Passing judgment on the victim
Pennsylvania House Bill 288 is reasonable legislation that would see to it that emergency contraception, commonly known as the morning-after pill, is available to any rape victim who wanted it, no matter what hospital she was in. It would provide a guarantee that all rape victims have information and access to emergency contraception in every Pennsylvania emergency room.
Unfortunately, even something as straightforward as guaranteeing rape victims access to pregnancy prevention may be too moderate a concept for our esteemed House members to embrace.
A vote on this bill is expected on Monday.
As initially presented, House Bill 288 proposed sane much-needed guarantees to rape victims, offering assurances that they would be treated humanely when seeking medical help from any of Pennsylvania's hospitals.
But the "McCall amendment" to the proposed law, to also be presented Monday, would permit faith-based hospitals to exempt themselves from the bill's requirement for religious or moral reasons – gutting the very guarantees the legislation would provide.
So what can't I help but assuming about any lawmaker who votes in favor of the exemption? That he is a Neanderthal less concerned with defending the rights of a rape victim and more concerned that some sanctimonious jerk in a lab coat has the right to impose his personal moral views on brutalized women.
I mean, what else is a person to conclude about these guys?
Well, I guess we could also conclude that they think Pennsylvania voters are a bunch of religious extremists who want women, even rape victims, not to have access to birth control. And, they are so cynical that they are willing to sell their votes to what they assume is a majority of Pennsylvanians for the assurance of continued support for a cushy job and a nice fat pension.
Scary thoughts indeed.
Let us go over it again: Emergency contraception is not abortion (pdf). When used soon after unprotected sex, it can prevent pregnancy.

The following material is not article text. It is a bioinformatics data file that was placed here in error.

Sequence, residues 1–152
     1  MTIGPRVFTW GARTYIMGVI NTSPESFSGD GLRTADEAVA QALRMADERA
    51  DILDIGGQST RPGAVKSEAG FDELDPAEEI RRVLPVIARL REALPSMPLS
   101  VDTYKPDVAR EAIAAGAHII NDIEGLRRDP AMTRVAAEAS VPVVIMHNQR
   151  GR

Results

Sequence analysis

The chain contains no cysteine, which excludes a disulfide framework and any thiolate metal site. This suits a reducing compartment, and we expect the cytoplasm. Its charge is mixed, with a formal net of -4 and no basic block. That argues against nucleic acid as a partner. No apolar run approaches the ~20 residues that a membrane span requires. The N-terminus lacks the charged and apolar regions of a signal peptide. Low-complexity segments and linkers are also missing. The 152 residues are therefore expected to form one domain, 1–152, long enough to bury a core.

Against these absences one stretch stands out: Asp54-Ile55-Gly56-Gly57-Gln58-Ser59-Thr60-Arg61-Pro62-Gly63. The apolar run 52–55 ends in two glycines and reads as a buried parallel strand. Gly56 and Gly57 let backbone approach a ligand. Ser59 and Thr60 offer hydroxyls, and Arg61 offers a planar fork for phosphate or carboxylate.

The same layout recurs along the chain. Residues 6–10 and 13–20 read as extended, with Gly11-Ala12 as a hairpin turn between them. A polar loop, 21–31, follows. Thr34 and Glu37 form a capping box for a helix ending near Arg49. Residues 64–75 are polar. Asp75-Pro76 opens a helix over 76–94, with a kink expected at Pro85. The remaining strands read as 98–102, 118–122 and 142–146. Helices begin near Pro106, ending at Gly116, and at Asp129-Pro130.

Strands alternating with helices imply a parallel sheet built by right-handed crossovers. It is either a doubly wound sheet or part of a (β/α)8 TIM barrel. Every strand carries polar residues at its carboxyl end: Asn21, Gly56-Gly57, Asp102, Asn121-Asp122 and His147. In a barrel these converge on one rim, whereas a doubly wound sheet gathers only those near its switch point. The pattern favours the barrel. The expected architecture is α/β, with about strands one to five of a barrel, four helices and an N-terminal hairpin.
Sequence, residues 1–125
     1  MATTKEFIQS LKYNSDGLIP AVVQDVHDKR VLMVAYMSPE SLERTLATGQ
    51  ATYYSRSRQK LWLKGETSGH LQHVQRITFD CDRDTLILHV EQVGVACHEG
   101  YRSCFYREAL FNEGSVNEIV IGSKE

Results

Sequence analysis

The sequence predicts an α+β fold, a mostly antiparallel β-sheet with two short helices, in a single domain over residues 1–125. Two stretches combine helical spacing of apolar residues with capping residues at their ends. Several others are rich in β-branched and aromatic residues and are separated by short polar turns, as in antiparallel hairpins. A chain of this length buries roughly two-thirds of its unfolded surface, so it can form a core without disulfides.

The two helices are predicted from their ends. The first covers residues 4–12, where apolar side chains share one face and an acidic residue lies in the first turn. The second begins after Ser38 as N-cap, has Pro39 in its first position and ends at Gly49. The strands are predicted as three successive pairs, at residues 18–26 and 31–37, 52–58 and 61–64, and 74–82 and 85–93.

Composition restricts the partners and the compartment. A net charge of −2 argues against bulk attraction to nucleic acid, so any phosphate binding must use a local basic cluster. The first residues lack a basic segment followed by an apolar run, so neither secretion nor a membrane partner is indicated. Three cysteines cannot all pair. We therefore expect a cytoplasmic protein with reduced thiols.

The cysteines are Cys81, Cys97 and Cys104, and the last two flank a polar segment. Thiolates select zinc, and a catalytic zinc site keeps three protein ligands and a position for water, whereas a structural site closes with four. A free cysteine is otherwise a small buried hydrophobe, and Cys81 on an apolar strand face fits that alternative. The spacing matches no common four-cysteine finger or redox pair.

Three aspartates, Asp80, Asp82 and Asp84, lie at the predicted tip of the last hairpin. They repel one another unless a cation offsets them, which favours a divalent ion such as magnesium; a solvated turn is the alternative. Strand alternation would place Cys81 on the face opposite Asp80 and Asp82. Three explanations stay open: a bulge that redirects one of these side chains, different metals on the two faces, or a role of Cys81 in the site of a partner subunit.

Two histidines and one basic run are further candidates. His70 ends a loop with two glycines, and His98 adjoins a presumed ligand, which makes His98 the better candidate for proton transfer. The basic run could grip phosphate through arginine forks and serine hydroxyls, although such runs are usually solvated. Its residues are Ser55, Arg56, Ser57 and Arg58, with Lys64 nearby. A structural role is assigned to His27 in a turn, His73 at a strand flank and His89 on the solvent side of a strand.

A Philadelphia Inquirer opinion piece, written by two members of the Womens Donor Network, sums up the issue quite nicely. The article is here. It points out:
On Oct. 18, Pennsylvania's Independent Regulatory Review Commission approved regulations that would allow health-care facilities with religious affiliations or moral objections to claim an exemption from a laudable new rule that requires hospitals to inform rape victims of their right to emergency contraception, and to provide the contraceptive pills to the raped woman if she wants them. The regulation was handed down just as legislators were scheduled to take up a bill that would have required Pennsylvania hospitals and health-care facilities essentially to offer the rule without a so-called conscience clause.
With the clause, state regulators have apparently appeased opponents to the proposed legislation who want to allow facilities to withhold birth control - even from rape victims - based on theological or moral grounds. Others seek to muddy the waters by claiming that emergency birth control is something it's not. (Emergency birth control is nothing more than two birth-control pills combined. It does not terminate a pregnancy; it prevents one from happening.)
Readers in Pennsylvania should call their elected representatives, urging them to support House Bill 288 as it stands and to oppose this mean-spirited Amendment.
Lauri in York